Another suitor leaves after breakfast on Sunday. The three remaining suitors go out on another trip with the woman of the house, often to meet her mother. Sunday lunch with the potential in-laws can be a daunting experience, especially with a camera crew poking their lens into your business. For the woman, it's another viewpoint, another chance to see whether the potential men are right or wrong.

Five Guys a Week Oh, how we fit in, when we're dancing in the kitchen.

There's another departure, before the Sunday night dinner party. Yes, there's a lot of food in this show: no-one should ever pick a potential life partner on an empty stomach. In a very neat reversal from Friday, tonight's dinner party is cooked by the two remaining gents. It's a test: are they domesticated? Do they know how to operate an oven, cook a meal, make up gravy – from a packet, or from scratch. Will they be able to cope for themselves, or will all the housework fall to the woman?

After the meal, a final decision is made. The last rejected suitor goes to pack and slips out of the house, while the other two cuddle on the couch. There have been no thruples, at least not yet.

Five Guys a Week Candlelight for this week's final choice.

The thing we really, really like about Five Guys a Week is that it's low-key throughout. Other dating shows (The Bachelor, Dinner Date, even Blind Date) turn their ejections into a ritual ceremony, complete with roses and microwave meals and screens and whatnot. On Five Guys a Week, it's just done. "I don't want to see any more of you," and whoosh – he's gone.

There's a very subtle feminist message in this show, too. The show is set up to exclude the loudest and lairiest specimens of manhood, drunks and braggarts will be found out quickly. The successful candidate will need to be domesticated, or at least domesticable, he must be able to take his part in a joint relationship.

Five Guys a Week The last rejected guy slips out into the night.

And there's a message for the thoughtful viewer, too. Five Guys a Week attracts viewers as an entertainment, and quietly asks bigger questions. Search elsewhere online, and the tenor of conversation is "One's singing, one's snogging and the other has just gone to bed on the floor. So weird." We've managed to get something interesting out of what appears to be a superficial show. Label 1 are using very light entertainment to probe modern living, and we do appreciate folk who make shows with depth.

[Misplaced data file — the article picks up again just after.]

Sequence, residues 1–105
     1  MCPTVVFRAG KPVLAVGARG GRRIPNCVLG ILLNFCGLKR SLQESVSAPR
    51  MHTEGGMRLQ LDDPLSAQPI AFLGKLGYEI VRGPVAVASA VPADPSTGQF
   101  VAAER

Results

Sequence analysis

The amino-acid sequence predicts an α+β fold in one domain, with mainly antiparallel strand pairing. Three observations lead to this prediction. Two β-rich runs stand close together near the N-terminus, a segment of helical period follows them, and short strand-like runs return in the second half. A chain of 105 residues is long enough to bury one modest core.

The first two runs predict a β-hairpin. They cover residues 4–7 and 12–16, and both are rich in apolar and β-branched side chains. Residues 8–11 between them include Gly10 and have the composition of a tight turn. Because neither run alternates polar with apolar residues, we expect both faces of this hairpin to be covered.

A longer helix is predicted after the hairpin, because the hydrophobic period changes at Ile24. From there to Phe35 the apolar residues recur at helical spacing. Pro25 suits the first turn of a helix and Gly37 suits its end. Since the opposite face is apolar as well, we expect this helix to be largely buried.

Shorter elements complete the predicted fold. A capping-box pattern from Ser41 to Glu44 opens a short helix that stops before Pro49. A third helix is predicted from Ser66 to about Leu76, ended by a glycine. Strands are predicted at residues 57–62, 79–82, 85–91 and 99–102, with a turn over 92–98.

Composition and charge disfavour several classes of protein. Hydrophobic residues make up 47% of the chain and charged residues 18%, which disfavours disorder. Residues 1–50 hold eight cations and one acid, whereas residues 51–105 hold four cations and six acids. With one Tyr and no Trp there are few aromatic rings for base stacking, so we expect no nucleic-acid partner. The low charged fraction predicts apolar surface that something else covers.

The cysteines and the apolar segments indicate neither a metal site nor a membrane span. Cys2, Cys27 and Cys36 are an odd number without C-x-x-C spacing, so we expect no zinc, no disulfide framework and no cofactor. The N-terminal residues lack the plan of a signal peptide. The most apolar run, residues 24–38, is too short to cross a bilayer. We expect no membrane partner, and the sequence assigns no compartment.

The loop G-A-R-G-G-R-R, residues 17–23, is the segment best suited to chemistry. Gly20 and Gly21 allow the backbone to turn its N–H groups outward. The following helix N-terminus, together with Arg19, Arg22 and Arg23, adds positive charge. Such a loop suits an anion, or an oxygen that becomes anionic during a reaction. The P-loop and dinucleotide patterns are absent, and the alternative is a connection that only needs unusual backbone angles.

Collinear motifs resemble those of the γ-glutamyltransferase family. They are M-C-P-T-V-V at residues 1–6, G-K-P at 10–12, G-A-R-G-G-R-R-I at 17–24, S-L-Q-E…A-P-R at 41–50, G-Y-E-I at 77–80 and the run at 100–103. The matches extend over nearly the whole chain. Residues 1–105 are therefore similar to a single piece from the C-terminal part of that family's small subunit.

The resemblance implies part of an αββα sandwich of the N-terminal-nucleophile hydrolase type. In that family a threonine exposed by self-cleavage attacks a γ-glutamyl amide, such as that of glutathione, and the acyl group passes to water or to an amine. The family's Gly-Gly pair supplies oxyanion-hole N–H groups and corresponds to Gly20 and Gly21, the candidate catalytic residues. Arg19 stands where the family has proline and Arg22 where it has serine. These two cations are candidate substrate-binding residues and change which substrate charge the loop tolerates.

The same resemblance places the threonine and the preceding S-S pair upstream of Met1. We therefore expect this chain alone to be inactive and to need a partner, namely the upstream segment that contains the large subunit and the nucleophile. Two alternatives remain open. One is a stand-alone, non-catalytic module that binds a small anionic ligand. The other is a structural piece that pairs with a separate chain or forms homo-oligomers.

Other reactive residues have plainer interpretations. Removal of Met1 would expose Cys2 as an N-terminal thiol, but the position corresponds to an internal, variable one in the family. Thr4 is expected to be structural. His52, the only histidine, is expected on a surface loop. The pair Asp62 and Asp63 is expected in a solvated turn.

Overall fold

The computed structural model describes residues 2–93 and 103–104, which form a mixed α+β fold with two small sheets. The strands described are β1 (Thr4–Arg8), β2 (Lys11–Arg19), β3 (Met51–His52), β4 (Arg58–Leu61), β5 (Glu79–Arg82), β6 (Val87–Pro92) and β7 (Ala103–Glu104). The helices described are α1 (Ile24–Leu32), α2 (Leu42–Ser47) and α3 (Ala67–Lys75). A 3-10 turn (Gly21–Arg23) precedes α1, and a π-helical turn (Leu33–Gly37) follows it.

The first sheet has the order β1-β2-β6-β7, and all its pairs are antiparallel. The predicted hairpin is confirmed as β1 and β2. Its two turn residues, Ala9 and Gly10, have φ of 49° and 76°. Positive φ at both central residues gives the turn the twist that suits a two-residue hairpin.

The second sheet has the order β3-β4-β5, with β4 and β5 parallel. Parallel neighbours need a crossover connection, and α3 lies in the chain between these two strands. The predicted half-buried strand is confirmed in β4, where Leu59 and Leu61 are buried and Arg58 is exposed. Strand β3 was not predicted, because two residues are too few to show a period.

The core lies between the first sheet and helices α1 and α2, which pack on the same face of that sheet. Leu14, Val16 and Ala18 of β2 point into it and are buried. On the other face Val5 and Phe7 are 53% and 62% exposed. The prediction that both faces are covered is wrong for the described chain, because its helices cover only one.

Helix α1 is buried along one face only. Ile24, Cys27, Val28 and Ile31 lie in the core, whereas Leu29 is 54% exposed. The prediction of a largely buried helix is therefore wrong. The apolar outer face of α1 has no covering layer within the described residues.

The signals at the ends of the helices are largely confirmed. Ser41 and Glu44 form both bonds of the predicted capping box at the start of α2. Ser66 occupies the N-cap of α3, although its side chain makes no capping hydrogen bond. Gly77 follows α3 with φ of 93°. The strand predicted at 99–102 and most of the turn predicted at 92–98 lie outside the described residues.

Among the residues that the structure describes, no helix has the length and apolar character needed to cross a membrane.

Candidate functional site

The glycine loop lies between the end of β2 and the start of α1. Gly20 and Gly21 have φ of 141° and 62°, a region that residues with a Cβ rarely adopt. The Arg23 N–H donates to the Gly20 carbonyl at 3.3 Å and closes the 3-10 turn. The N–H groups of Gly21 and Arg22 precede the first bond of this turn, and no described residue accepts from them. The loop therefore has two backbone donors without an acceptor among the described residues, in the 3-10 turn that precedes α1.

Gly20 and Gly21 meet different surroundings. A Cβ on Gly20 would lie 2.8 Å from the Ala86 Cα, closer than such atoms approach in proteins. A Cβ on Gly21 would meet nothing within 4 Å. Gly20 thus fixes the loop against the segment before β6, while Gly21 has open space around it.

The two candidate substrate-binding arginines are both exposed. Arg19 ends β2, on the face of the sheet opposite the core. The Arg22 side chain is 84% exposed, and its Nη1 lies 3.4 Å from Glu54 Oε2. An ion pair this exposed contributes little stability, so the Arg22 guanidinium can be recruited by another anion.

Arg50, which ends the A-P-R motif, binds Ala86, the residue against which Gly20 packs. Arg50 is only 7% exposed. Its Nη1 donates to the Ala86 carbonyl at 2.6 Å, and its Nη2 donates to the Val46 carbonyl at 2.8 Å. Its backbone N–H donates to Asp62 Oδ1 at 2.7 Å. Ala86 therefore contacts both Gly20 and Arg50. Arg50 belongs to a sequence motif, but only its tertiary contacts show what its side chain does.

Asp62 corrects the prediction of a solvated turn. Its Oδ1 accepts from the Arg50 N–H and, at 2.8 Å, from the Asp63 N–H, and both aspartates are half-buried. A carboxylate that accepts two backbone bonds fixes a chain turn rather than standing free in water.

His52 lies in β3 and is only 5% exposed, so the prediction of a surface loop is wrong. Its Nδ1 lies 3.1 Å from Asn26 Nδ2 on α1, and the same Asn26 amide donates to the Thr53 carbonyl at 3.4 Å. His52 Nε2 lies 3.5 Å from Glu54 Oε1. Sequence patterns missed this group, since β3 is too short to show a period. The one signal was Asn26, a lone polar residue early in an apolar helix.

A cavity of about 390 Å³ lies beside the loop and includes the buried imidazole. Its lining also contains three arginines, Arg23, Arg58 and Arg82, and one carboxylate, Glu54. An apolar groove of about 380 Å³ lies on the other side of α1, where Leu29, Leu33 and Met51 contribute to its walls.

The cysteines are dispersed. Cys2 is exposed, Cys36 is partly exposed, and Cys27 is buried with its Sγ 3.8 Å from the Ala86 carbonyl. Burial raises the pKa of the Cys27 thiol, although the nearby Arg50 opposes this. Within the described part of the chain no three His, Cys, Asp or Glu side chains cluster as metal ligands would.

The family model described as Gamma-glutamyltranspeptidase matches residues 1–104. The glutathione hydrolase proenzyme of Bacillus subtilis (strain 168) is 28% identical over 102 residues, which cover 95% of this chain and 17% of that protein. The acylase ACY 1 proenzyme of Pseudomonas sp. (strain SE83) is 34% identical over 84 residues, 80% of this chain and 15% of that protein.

We have just one problem: each episode of the show just ends with the woman and her new date on the couch. What happened next? We may never know.

In other news...

Only Connect (2) The 2020 champions.

Congratulations to 007s, the series winners of Only Connect. It's been an enjoyable series, not least because the competition format has remained the same. Twenty weeks to reduce the teams by half, then straightforward knockouts.

Only Connect works because the questions are interesting, and – for much of the series – pitched at a tantalising level. We can feel smug about knowing an answer, we can understand what the answer is even when we have to be told it. Even in the final, we might not remember that Mary Poppins features a sequence where animations come to life, but when we're told that's the answer, it's entirely supercalifragilisticexpialidocious.

Crackerjack Not his finest hour

The death of Eddie Large, comedian and one half of Little and Large. Best known for their primetime BBC1 show, and many panel show appearances, the duo got their first regular television role on Crackerjack.

Best of the Web: if you're after some gentle brain massages, Eric Berlin has written a guide to online puzzles. Discussion site Metafilter has a bunch of board game remixes, but can they make Monopoly interesting again?

All sorts of entertainments in these times: a new series of BBC Brain (R4, Mon), and new Celebrity Juice (ITV2, Thu). Anneka Rice will spend three hours of Good Friday reminiscing about the 1980s (R2, Fri). Next Saturday sees the first in a new series of Got Talent (ITV).

Celebrities are out of their depth on Fferm Ffactor Selebs (S4C, Sat). And that also means Fferm Ffactor has run for ten years, and enters our Long-Running category. Congratulations to the little farming show that could, did, and still does.

Photo credits: Parasol / RDF, Label 1, BBC.